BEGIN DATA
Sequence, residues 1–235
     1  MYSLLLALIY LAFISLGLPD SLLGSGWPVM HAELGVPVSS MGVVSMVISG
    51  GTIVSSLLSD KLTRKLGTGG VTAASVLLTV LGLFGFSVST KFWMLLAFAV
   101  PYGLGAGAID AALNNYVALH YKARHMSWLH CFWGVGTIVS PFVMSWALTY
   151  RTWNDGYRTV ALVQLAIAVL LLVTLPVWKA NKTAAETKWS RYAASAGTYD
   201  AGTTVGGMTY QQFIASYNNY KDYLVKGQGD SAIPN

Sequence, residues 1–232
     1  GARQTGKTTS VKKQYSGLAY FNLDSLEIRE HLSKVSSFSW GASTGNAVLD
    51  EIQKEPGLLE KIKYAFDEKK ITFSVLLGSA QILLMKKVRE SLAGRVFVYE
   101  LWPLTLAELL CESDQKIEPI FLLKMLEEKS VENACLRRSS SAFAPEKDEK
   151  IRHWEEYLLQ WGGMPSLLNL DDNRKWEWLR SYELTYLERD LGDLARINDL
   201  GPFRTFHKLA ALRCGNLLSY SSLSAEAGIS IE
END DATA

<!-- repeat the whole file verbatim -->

Sequence, residues 1–235
     1  MYSLLLALIY LAFISLGLPD SLLGSGWPVM HAELGVPVSS MGVVSMVISG
    51  GTIVSSLLSD KLTRKLGTGG VTAASVLLTV LGLFGFSVST KFWMLLAFAV
   101  PYGLGAGAID AALNNYVALH YKARHMSWLH CFWGVGTIVS PFVMSWALTY
   151  RTWNDGYRTV ALVQLAIAVL LLVTLPVWKA NKTAAETKWS RYAASAGTYD
   201  AGTTVGGMTY QQFIASYNNY KDYLVKGQGD SAIPN

Sequence, residues 1–232
     1  GARQTGKTTS VKKQYSGLAY FNLDSLEIRE HLSKVSSFSW GASTGNAVLD
    51  EIQKEPGLLE KIKYAFDEKK ITFSVLLGSA QILLMKKVRE SLAGRVFVYE
   101  LWPLTLAELL CESDQKIEPI FLLKMLEEKS VENACLRRSS SAFAPEKDEK
   151  IRHWEEYLLQ WGGMPSLLNL DDNRKWEWLR SYELTYLERD LGDLARINDL
   201  GPFRTFHKLA ALRCGNLLSY SSLSAEAGIS IE